Causes of fatty liver disease

There are a number of things that can cause fatty liver disease. The two main ones are:

  • drinking too much alcohol
  • being overweight or obese – this makes it more likely that you will develop conditions such as diabetes or high cholesterol, both of which can also cause fatty liver disease

There are other things that can cause fatty liver disease, including some medicines and rapid weight loss, but these are less common.

Acute fatty liver disease is a very rare complication that can develop during the last three months of pregnancy. It can lead to liver failure if it’s not treated quickly. If you’re pregnant and develop symptoms such as abdominal pain, being sick and yellow whites of your eyes and skin, you should contact your doctor straight away.

Symptoms of fatty liver disease

Fatty liver disease often has no symptoms, particularly when it’s mild. However, you may feel tired, or have pain and discomfort where your liver is – on the right side of your body just under your ribs. This pain is caused by a growing amount of fat inside your liver, which makes it expand, stretching the sensitive membrane that covers your liver.


As fatty liver disease progresses, your liver may become scarred and develop cirrhosis. If you develop cirrhosis, you may notice other symptoms such as:

  • a swollen abdomen (tummy)
  • itchy skin
  • vomiting and bringing up or passing blood
  • bruising easily
  • confusion or poor memory
  • weakness and muscle wasting
  • yellow whites of your eyes and skin (jaundice)

If you develop any of these symptoms, contact your doctor straight away.

Diagnosis of fatty liver disease

Your doctor will ask you about your symptoms and examine you. He or she may also ask you about your medical history. It’s important to be honest about your lifestyle and the amount of alcohol you drink, as this will help your doctor make the right diagnosis. Fatty liver disease can sometimes be difficult to diagnose because you may not have any symptoms.

Your doctor may ask you to have a blood test to check how well your liver is working. You may have other blood tests to find the cause of your symptoms or to rule out other possible causes.

You may be referred to a hepatologist, a doctor who specialises in conditions affecting your liver. There is no single test that can be used to diagnose fatty liver disease, but he or she may carry out some of the tests listed below.

  • Ultrasound or scan. An ultrasound, CT scan or MRI scan can all be used to create images of your liver. These images will show any fat in your liver.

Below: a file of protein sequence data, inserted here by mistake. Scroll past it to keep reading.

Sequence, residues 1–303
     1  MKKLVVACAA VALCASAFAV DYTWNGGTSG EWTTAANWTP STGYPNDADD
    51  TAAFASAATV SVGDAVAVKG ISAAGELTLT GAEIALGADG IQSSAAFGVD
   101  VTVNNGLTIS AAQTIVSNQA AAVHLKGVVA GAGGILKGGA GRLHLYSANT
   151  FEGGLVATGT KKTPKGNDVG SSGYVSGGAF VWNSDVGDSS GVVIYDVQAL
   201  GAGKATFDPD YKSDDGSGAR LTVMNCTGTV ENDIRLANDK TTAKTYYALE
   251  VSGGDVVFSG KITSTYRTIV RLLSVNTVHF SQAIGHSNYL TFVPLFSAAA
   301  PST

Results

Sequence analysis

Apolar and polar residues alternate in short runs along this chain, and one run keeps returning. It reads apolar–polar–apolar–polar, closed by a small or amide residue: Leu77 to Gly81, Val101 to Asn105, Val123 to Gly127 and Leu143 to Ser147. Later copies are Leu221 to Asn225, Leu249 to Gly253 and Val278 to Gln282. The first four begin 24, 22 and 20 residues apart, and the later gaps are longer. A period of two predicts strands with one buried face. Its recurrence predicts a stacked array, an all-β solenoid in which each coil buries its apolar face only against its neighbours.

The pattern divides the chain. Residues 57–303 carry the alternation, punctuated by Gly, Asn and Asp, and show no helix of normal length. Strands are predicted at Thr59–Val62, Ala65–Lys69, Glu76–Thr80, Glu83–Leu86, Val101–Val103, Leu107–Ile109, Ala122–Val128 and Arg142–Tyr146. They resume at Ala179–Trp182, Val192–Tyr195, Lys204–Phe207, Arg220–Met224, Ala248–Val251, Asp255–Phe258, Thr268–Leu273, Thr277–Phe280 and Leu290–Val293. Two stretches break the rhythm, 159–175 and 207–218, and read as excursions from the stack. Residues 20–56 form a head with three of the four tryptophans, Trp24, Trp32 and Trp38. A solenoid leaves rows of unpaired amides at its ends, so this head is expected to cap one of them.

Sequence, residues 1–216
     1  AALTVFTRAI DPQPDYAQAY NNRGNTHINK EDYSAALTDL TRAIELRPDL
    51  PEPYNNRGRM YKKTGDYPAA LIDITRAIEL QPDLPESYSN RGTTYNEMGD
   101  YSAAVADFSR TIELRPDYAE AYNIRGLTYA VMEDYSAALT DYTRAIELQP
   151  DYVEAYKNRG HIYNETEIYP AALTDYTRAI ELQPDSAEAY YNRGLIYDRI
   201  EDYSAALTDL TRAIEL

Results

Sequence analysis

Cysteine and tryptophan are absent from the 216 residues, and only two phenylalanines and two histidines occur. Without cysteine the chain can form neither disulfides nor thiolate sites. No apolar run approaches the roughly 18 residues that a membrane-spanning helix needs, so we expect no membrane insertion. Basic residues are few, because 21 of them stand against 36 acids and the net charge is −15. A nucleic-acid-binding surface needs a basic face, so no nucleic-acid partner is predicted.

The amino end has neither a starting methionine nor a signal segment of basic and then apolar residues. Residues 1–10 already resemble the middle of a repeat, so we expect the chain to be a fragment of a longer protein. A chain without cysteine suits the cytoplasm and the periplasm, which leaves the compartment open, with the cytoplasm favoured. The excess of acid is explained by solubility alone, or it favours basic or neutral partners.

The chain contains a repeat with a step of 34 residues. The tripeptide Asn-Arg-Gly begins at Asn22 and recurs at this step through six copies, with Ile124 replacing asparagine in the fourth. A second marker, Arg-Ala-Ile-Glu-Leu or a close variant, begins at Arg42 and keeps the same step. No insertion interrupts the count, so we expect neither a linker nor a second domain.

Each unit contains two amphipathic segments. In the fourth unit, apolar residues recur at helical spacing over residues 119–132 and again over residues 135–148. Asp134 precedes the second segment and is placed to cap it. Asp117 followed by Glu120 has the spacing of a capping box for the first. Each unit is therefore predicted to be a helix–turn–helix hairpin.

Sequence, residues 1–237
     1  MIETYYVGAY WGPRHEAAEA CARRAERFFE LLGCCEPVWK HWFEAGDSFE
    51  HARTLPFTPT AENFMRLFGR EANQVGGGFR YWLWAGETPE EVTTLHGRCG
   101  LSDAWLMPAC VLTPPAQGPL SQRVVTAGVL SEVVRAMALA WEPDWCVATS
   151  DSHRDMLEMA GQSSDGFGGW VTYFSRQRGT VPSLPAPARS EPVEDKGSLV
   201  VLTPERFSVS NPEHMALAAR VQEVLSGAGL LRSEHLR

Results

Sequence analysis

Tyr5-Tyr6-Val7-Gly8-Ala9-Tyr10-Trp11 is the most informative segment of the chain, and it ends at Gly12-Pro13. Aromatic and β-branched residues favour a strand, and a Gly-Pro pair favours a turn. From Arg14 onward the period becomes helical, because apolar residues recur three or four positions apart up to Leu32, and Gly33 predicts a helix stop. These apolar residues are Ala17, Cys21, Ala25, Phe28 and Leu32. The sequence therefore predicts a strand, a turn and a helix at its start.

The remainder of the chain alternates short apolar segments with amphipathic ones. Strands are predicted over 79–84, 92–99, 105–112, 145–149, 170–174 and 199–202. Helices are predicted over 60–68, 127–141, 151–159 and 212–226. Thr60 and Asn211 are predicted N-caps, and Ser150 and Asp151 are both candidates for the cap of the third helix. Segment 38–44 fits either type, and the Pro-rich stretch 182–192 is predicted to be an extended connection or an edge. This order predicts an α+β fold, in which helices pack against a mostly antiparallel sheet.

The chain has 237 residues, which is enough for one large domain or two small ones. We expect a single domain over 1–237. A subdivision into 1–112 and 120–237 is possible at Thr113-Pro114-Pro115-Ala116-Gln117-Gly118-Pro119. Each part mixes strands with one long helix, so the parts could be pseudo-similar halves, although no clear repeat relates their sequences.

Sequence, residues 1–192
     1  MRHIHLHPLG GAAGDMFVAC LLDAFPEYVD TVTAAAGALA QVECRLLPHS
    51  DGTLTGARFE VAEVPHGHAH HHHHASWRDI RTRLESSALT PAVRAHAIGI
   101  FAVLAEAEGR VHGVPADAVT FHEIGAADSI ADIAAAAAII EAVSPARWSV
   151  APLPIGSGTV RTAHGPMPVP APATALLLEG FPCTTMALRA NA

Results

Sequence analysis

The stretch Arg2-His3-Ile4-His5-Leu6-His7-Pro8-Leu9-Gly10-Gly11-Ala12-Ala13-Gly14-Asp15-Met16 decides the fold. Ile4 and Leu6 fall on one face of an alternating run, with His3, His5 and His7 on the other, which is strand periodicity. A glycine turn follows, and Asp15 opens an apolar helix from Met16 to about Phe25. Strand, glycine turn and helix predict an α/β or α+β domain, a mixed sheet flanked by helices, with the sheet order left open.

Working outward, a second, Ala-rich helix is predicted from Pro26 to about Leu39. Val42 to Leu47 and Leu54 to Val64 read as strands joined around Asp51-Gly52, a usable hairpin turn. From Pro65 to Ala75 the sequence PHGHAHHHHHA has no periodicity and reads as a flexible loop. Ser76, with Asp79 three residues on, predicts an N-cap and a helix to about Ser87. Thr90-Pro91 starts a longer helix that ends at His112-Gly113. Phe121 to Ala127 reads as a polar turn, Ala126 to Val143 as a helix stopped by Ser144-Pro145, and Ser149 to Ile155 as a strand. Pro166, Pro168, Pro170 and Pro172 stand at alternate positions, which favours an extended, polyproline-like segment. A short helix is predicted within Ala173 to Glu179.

• Fibroscan. This is similar to an ultrasound scan – it can help to show any scarring of your liver.
  • Liver biopsy. This is the only way to confirm how much damage there is to your liver. A biopsy is a small sample of tissue. It’s taken using a very fine hollow needle that is inserted into your liver under local anaesthetic. The sample is then sent to a laboratory for analysis.
Treatment of fatty liver disease

If you have alcoholic liver disease, it’s essential that you stop drinking alcohol. If you don’t stop drinking alcohol, fatty liver disease can develop into alcoholic hepatitis and then cirrhosis in the future. If you stop drinking, it’s likely that your liver will recover from fatty liver disease and hepatitis. To make sure you get the right support to help you to stop drinking, talk to your doctor.

If you have non-alcoholic liver disease, there is no specific treatment for it. However, making changes to your lifestyle can help to reduce the amount of fat in your liver. Losing excess weight, increasing the amount of activity you do and treating other conditions, such as diabetes and high cholesterol, can all help to reduce the amount of fat in your liver.

Prevention of fatty liver disease

You may be able to prevent non-alcoholic fatty liver disease by:

  • maintaining a healthy weight for your height
  • being active – try to do at least 150 minutes of moderate exercise each week, in bouts of 10 minutes or more
  • eating healthy foods that are low in saturated fat

You can help to prevent alcoholic liver disease by following the recommendations for safe drinking. This means drinking no more than three to four units of alcohol a day if you’re a man, and no more than two to three units a day if you’re a woman. A unit of alcohol varies, depending on the strength of what you’re drinking. However, one unit is about 25ml of spirit, half a 175ml glass of wine or half a pint of average strength beer, lager or cider.

Last Updated: Aug 2017
Please note that all medical health articles featured on our website have been reviewed by Quality Healthcare doctors. The articles are for general information only and are not medical opinions nor should the contents be used to replace the need for personal consultation with a qualified health professional on the reader’s medical condition.